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Samsung says 85 percent of U.S. Note7 devices have been replaced

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The raging dumpster fire that is the Samsung Galaxy Note7 has been, for the most part, extinguished. But the company is so worried about stubborn users who won’t return the device that it continues to deliver public status updates on the situation. 

The latest came this Friday in a note on the Samsung U.S. website, where the company claimed that, “85 percent of all recalled Galaxy Note7 devices have been replaced through the U.S. Note7 Refund and Exchange Program.”

Samsung’s post goes on to claim that the majority of those who used its U.S. refund and exchange program to return the Note7 opted to choose another Samsung brand smartphone. However, based on the exceedingly unusual way that Samsung has handled this entire debacle, it’s difficult not to take such claims without a certain dose of skepticism.  Read more…

More about Iphone 7, Iphone, Samsung Galaxy Note7, Note7, and Note 7
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Existing EV batteries could be recharged five times faster

Lithium-ion batteries have massively improved in the last half-decade, but there are still issues. The biggest, especially for EVs, is that charging takes too long to make them as useful as regular cars for highway driving. Researchers from the University of Warwick (WMG) have discovered that we may not need to be so patient, though. They developed a new type of sensor that measures internal battery temperatures and discovered that we can probably recharge them up to five times quicker without overheating problems.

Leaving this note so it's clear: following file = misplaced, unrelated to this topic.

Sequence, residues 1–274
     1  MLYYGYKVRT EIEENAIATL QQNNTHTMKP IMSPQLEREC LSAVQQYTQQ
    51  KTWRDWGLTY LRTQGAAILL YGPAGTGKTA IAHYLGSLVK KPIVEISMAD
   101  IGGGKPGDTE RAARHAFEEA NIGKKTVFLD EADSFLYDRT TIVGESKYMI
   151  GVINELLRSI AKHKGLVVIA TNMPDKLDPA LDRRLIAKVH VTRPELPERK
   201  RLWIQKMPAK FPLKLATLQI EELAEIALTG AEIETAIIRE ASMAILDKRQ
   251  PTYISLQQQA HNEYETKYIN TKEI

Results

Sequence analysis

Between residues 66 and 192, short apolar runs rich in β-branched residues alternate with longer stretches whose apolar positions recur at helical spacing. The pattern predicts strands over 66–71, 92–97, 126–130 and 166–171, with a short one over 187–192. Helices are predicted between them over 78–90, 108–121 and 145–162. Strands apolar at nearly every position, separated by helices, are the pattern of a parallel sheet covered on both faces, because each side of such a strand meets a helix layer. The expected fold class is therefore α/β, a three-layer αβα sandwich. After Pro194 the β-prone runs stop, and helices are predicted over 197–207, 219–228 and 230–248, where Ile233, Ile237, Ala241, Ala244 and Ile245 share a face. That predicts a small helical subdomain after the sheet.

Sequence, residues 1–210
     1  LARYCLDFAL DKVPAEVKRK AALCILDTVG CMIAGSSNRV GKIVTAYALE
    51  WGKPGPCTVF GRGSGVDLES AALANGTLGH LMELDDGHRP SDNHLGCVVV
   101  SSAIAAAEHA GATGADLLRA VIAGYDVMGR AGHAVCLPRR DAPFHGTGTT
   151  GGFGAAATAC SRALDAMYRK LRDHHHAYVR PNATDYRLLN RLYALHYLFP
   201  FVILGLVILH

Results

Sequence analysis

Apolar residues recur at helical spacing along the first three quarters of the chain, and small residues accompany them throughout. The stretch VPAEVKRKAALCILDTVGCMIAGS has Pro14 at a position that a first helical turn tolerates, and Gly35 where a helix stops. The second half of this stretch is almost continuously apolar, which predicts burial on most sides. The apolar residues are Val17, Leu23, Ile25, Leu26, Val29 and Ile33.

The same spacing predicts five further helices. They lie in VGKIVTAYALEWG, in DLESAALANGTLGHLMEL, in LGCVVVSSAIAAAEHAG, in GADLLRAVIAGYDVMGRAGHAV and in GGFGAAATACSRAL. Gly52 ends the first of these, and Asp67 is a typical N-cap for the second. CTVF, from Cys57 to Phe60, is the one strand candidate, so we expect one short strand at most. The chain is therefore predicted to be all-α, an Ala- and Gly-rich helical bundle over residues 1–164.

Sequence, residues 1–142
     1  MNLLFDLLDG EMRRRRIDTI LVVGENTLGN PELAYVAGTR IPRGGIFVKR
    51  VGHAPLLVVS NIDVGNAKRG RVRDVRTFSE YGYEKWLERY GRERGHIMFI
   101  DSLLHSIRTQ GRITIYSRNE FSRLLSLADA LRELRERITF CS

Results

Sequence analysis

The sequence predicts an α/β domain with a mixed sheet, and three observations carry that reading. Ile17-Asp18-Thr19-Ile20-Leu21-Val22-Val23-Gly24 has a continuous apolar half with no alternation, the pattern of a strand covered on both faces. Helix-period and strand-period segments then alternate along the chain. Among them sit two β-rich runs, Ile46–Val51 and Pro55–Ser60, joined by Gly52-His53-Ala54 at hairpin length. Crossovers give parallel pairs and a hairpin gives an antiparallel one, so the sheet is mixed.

Overcharging a lithium-ion battery anode can lead to lithium buildup, which can break through a battery's separator, create a short-circuit and cause catastrophic failure. That can cause the electrolyte to emit gases and literally blow up the battery, so manufacturers impose strict charging power limits to prevent it.

Those limits are based on hard-to-measure internal temperatures, however, which is where the WMG probe comes in. It's a fiber optic sensor, protected by a chemical layer that can be directly inserted into a lithium-ion cell to give highly precise thermal measurements without affecting its performance.

The team tested the sensor on standard 18650 li-ion cells, used in Tesla's Model S and X, among other EVs. They discovered that they can be charged five times faster than previously thought without damage. Such speeds would reduce battery life, but if used judiciously, the impact would be minimized, said lead researcher Dr. Tazdin Amietszajew.

Faster charging as always comes at the expense of overall battery life but many consumers would welcome the ability to charge a vehicle battery quickly when short journey times are required and then to switch to standard charge periods at other times.

There's still some work to do. While the research showed the li-ion cells can support higher temperatures, EVs and charging systems would have to have "precisely tuned profiles/limits" to prevent problems. It's also not clear how battery makers would install the sensors in the cells.

Nevertheless, it shows a lot of promise for much faster charging speeds in the near future. Even if battery capacities stayed the same, charging in 5 minutes instead of 25 could flip a lot of drivers over to the green side.

Via: Clean Technica

Source: University of Warwick

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